The pop group funks with Ubisoft's heart over a breach of contract.
Mainstream hip-hop group The Black Eyed Peas are known for their multi-platinum albums instead of their involvement in games, but they've entered into an agreement recently with Ubisoft to create The Black Eyed Peas Experience; a dance title for Kinect and Wii. However, it seems that the pop artists have come up short on their end of the deal, because Ubisoft is suing them for breach of contract and asking for $1 million in damages.
The complaint doesn't actually mention the name of the group or the game itself, but Ubisoft has filed the lawsuit against an entity called BEP Music LLC, which owns only one trademark: The Black Eyed Peas Experience. Ubisoft claims that it entered into a contract with BEP Music in June 2011, allowing the company to license "the names and likenesses" of the performers in order to develop, produce and distribute a videogame. Part of that contract included a clause stating that BEP was required to approve anything that Ubisoft submitted to it "no later than...within ten (10) business days".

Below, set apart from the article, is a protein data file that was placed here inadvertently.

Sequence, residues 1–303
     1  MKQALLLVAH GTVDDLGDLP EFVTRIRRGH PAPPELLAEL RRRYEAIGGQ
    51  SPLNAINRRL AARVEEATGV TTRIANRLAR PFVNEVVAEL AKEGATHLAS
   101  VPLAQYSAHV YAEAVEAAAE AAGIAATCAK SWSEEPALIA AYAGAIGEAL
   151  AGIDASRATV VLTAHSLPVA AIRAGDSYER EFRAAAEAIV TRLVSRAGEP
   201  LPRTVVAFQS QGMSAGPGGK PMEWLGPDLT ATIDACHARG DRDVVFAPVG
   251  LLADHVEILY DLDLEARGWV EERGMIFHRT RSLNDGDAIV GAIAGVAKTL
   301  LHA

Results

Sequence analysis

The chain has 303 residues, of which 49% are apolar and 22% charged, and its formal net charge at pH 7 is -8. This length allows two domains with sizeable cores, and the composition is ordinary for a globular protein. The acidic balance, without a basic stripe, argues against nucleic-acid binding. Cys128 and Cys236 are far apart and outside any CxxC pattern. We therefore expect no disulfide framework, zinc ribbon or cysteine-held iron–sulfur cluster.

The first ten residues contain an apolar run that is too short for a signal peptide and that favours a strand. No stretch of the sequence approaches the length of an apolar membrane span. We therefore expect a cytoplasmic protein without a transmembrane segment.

After the November 2011 release of the console version of The Black Eyed Peas Experience, the developers began work porting the title over for iOS devices, and asked for approval from BEP since March of this year. Unfortunately, Ubisoft never received a response from the company despite "repeated requests", and now it states that BEP Music has breached the contract by failing to respond in a timely manner. The iOS versions of the game were originally scheduled for release in April-June 2012.
"At the time of BEP Music's breach of contract, Ubisoft had spent 181,000 Euros (approximately $233,000) in developing the IOS game," the court documents say. "As a direct and proximate result of BEP Music's breach of contract, Ubisoft has suffered damages in an amount in excess of $1,000,000, which not only includes Ubisoft's out-of-pocket development costs, but also the profits Ubisoft has lost and will continue to lose as a result of BEP Music's breach of contract."